ledge was on his feet in an instant
But Lopez decided this was no time
to start anything, and as he slouched
away he remarked with heated anger:
"Lopez will show you soon how fast
he can ride!" Then he left the room
and went to his hut
"I wonder what he meant?" said
Liberty after he had gone.
"You never know what Is in the
heart of a Mexican," answered Rut-
ledgo as he led his fair partner out
on the floor.
Paucho broke up the party earlier
than was customary that night upon
request of Liberty, who explained that
she was tired from the long Journey
and the excitement which had fol-
lowed. So, about a half hour before
midnight the cowboys and servants
smarted for their lodgings. After Lib-
erty had bid the Major and Captain
Rutledge good-night Bhe went direct
to her room and threw herself on
the bed to Walt for the return of
Therese, who had gone to El Paso
with Mnnuel to attend a Mexican
dunce. Tired as she was, it didn't take
her long to fall asleep, and a few
minutes later she was living over
again, In her dreams, the events of
a day that had turned out to be tha
happiest In her young life.
How long she slept she didn't know,
but she was suddenly awakened by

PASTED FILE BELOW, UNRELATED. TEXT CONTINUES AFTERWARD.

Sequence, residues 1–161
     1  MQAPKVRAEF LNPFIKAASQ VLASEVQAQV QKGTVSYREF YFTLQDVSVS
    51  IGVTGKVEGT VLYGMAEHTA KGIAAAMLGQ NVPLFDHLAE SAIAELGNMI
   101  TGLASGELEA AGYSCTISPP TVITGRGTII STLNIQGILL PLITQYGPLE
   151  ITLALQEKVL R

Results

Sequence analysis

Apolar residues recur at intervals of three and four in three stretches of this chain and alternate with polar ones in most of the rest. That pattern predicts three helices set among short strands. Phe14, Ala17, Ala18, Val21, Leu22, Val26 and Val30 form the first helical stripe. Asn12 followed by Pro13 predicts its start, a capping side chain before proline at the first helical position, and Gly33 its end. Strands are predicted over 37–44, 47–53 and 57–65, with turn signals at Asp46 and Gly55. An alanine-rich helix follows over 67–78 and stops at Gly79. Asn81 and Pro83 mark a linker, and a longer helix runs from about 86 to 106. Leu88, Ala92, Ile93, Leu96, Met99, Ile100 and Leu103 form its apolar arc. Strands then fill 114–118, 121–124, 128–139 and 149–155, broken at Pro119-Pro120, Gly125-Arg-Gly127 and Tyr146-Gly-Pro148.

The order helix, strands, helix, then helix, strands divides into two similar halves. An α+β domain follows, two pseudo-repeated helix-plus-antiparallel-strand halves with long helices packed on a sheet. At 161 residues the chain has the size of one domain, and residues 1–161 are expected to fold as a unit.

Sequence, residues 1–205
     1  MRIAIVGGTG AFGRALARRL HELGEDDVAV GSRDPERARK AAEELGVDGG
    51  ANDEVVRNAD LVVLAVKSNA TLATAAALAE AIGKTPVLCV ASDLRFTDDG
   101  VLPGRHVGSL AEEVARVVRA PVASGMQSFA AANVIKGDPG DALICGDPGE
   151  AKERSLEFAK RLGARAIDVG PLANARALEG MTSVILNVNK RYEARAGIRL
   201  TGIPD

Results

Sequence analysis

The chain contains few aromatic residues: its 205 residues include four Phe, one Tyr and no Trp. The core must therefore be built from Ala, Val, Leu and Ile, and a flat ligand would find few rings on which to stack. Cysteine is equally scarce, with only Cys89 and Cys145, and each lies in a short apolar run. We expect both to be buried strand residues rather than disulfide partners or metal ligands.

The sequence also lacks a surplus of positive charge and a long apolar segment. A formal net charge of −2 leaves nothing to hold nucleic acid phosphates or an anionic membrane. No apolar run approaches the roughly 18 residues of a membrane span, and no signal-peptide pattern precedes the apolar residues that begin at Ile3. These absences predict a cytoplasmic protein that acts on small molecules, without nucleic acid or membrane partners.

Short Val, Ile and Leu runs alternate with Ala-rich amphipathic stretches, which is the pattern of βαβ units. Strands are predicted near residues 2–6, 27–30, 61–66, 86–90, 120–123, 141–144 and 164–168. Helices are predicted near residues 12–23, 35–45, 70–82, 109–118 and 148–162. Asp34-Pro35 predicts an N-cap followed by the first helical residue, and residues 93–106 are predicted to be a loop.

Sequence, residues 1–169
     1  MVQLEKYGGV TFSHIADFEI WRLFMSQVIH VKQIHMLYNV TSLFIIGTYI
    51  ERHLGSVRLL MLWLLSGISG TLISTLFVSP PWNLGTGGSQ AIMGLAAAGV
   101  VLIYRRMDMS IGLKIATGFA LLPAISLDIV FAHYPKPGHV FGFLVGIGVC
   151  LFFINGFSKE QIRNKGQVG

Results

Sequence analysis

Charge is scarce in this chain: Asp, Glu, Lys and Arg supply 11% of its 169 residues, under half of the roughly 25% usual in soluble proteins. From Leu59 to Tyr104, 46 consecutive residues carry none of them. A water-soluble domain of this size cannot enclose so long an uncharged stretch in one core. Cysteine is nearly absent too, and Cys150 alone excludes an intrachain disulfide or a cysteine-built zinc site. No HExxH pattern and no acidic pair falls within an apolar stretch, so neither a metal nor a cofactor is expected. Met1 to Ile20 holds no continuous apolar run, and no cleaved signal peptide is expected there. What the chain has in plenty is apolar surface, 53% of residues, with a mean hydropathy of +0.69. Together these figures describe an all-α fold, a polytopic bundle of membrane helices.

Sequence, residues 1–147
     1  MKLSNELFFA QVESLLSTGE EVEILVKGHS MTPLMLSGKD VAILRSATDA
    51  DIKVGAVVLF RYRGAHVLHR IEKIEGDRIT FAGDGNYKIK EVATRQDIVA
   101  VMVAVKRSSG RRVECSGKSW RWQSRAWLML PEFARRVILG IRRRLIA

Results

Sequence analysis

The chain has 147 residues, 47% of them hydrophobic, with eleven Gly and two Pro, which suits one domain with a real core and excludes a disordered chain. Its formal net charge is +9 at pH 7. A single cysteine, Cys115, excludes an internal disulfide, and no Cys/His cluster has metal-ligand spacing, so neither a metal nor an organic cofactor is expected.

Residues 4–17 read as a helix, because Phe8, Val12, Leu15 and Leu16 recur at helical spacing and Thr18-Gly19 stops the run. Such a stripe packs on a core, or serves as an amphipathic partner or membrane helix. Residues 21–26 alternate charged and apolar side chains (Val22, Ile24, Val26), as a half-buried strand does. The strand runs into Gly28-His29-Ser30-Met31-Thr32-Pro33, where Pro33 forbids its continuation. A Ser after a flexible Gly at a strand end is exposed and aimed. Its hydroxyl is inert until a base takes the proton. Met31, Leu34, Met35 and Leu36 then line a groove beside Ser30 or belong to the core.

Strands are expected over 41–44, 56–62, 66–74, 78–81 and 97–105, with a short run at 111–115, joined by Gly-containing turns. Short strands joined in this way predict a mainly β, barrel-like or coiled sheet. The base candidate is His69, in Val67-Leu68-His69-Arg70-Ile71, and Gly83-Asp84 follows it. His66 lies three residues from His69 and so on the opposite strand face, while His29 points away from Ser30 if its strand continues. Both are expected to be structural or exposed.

a noise Just outside her window. She
rubbed her eyes and sat up. What
fhe saw made her blood run cold.
For, as she looked the dark figure
of a man was cautiously climbing
through her window I With the aid
of the m onllght she noted his fea-
tures were that of a Mexican! She
started to cry out but before she
found her voice the grim figure made
a leap at her and clapped his hanfi
over her mouth, at the same time rais-
ing her bodily from the bed in hi*
big brawny arms as though she had
been an infant She fought madly to
free herself. But he held her in a
death-like embrace while she kicked
wildly at him. With one hand she
struggled to tear his from her mouth
but he held It there like a vise. Then
The Mexican then snatched up her
handkerchief, gagged her with it and.
making certain that there was no dan-
ger of her reviving immediately, car-
ried her to the window; climbed
through and descended with his load,
over his shoulder, down n ladder
which had been placed against the
trelliswork. At the bottom stood an-
other black figure. "Para la cabana,"
he said as the other stegped to the
ground with his unconscious load
sagging against him.
At that Instant a third figure, which
had been crouched In a dark shadow
at the side of the house, sprang al
the throat of the man who was hold-
ing Liberty. But • stiff blow from
the other sent him sprawling to th*
(TO W "WTW1WO),
Here’s what’s next.
This issue can be searched. Note: Results may vary based on the legibility of text within the document.
Tools / Downloads
Get a copy of this page or view the extracted text.
Citing and Sharing
Basic information for referencing this web page. We also provide extended guidance on usage rights, references, copying or embedding.
Reference the current page of this Newspaper.
Whitsett, Lee. The Lexington Leader (Lexington, Okla.), Vol. 26, No. 40, Ed. 1 Friday, June 15, 1917, newspaper, June 15, 1917; (gateway.okhistory.org/ark:/67531/metadc110781/m1/3/: accessed December 17, 2017), The Gateway to Oklahoma History, gateway.okhistory.org; crediting Oklahoma Historical Society.